Vermont’s governor and attorney general have called on residents to commit themselves to treating others better and more respectfully, and to do more to support people of color.
Their plea comes after an ugly chapter they say revealed more work is needed on race, in a state where roughly 95 percent of residents are white, according to Census Bureau data.
"I would offer that as an inspiration to do better," Gov. Phil Scott (R-Vt.), said Tuesday, referring to a presentation on race Monday that turned fiery.
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Attorney General T.J. Donovan was in Bennington, announcing the results of an investigation into harassment against Kiah Morris, a former state representative who ended her 2018 re-election campaign, citing two years of racist threats she called unbearable.
Donovan found Morris was the subject of racist, insulting and degrading language about her skin color and gender, but the attorney general determined the nastiness was political speech protected by the First Amendment.
As a result of the legal decision, Donovan said he could not prosecute the racially-charged language. Both Donovan and Morris are Democrats.
Monday, Morris urged Vermonters to do what they can to stamp out bigotry and to strive for more inclusive communities where everyone feels valued.
"The soul of our state is in your hands," Morris said. "Please, take good care of it."
The session took an uncomfortable turn when Max Misch, a self-described "troll" who was investigated by the attorney general as part of the probe into the lawmaker’s experience with the targeted language, showed up to the announcement — apparently trying to provoke the crowd.
Bennington residents muted him with song and held up coats to block his shirt’s cartoon logo, which is often used as a symbol of the alt right.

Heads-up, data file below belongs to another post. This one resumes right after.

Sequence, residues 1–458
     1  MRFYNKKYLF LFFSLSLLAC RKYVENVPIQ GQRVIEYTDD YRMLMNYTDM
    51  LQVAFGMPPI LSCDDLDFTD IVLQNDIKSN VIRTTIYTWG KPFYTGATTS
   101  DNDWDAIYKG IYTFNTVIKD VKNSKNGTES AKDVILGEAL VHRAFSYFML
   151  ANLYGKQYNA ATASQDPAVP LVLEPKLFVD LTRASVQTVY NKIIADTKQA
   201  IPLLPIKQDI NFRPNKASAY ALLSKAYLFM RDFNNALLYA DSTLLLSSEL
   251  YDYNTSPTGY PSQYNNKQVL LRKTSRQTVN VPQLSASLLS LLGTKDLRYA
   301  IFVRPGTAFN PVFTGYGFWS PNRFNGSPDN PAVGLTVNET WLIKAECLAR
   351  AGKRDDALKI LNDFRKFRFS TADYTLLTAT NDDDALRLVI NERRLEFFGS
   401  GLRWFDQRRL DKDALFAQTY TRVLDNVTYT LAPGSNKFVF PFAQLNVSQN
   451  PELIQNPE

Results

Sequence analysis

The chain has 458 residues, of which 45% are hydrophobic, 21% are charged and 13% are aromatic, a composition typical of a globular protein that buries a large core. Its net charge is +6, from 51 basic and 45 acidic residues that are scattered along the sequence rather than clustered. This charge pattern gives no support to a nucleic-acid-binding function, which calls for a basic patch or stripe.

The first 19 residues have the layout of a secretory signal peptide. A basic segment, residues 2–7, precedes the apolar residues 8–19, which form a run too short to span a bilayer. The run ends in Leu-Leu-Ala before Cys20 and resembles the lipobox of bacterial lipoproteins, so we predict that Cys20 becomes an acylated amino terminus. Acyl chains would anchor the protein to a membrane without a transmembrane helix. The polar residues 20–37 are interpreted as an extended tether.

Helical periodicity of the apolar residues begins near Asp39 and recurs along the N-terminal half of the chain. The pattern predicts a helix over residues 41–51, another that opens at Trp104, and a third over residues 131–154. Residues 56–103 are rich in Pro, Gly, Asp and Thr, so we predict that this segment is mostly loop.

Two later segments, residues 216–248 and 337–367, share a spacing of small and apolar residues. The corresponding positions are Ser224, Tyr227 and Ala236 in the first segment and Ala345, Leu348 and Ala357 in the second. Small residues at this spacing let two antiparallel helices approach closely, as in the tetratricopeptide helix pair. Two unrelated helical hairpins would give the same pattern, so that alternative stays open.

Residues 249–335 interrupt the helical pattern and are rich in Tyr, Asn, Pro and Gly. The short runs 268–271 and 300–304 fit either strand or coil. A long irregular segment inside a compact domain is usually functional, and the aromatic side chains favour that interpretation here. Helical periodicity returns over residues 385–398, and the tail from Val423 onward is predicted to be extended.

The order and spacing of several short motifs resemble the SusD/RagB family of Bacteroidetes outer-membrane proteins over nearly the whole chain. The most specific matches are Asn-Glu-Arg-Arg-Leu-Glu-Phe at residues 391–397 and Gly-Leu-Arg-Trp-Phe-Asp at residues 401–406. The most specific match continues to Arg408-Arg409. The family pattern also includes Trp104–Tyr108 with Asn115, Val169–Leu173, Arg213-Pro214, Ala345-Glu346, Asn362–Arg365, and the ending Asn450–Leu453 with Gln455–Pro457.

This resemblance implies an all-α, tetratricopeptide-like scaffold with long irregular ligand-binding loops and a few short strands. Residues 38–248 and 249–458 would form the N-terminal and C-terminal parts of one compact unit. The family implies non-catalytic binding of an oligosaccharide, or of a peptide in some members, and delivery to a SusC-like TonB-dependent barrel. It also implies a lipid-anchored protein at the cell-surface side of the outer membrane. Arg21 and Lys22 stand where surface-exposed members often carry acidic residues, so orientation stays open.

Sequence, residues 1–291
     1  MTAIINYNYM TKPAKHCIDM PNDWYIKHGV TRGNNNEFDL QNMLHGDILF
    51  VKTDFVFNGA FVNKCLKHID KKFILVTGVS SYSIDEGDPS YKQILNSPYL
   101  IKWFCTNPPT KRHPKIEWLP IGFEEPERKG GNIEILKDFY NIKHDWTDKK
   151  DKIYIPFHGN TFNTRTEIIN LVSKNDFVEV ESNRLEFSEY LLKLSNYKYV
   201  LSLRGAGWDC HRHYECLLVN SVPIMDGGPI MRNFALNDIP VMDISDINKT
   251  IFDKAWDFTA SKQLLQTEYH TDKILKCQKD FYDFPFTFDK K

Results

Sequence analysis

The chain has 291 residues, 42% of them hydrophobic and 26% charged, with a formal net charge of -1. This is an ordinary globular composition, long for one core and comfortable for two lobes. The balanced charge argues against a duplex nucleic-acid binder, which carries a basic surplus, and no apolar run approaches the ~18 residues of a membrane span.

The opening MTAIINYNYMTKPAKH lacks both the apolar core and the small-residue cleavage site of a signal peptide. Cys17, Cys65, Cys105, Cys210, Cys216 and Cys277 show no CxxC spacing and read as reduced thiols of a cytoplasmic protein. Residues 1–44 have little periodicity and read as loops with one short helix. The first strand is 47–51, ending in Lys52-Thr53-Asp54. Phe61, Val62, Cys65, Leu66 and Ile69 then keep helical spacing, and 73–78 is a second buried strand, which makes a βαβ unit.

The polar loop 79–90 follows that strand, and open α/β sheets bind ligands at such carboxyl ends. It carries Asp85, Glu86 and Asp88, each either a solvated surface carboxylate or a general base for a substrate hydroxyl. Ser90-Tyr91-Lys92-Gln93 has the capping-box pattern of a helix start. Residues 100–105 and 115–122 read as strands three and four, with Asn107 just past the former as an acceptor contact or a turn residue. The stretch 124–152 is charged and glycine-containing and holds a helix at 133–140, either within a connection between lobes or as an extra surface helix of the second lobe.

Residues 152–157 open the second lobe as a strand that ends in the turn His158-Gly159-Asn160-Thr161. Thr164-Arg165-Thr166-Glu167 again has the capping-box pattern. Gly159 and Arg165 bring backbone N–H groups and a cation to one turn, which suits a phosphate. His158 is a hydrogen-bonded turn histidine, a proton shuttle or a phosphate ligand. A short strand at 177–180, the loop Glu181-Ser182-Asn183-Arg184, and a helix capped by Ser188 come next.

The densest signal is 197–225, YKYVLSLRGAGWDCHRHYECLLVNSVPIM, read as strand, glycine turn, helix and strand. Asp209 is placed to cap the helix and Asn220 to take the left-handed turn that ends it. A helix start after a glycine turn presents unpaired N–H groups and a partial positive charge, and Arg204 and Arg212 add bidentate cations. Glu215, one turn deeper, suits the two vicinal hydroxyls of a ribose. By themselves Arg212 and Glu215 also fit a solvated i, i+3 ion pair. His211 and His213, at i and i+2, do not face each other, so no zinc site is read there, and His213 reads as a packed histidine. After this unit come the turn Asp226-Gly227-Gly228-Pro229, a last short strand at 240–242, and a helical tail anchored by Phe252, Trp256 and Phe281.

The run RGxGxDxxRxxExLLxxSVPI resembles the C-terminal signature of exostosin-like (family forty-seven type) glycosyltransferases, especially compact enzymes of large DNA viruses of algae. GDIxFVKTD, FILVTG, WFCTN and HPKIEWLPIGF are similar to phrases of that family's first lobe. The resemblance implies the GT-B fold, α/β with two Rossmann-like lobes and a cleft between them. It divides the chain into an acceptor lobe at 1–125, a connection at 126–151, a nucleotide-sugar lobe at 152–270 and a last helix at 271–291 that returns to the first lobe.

Also at that presentation, another man, who said he was politically opposed to Morris’s stance on issues during her terms in the Vermont legislature, used an expletive to question the extent of racism in Vermont, and said his past criticism of Morris left him falsely accused of being a "Nazi."
He was booed by others in attendance at the Bennington event.
In response to the emotional tone that emerged from the community discussion and press conference, Donovan called for calm and for respect.
"We have a challenge to keep our heads high — to not meet hate with hate, but with civility and decency," Donovan said Monday of how to best tackle issues of hate and intolerance in Vermont.
Gov. Scott said Tuesday the Morris case should remind all Vermonters to treat people with kindness and respect, saying the next generation is modelling its behavior on ours.
"We need to confront that and disavow it," Gov. Scott said of racist language or attitudes, in an interview with necn affiliate NBC 5 News. "We need to do better."
The attorney general also announced a new system for reporting bias incidents to law enforcement, and said his office is putting together a series of forums on identifying and preventing hate crimes.
Late Tuesday, Vermont’s Congressional delegation released a statement about Kiah Morris.
"Racism and white supremacy have no place in Vermont," read the joint statement from Sen. Patrick Leahy, (D-Vt.), Sen. Bernie Sanders, (I-Vt.), and Rep. Peter Welch, (D-Vt.).
"Kiah Morris was an excellent representative for the people of Bennington on so many issues, and our state is worse off without her in office. We must root out racism in Vermont and ensure that no elected official, candidate or person fears for their safety because of the color of their skin or their point of view."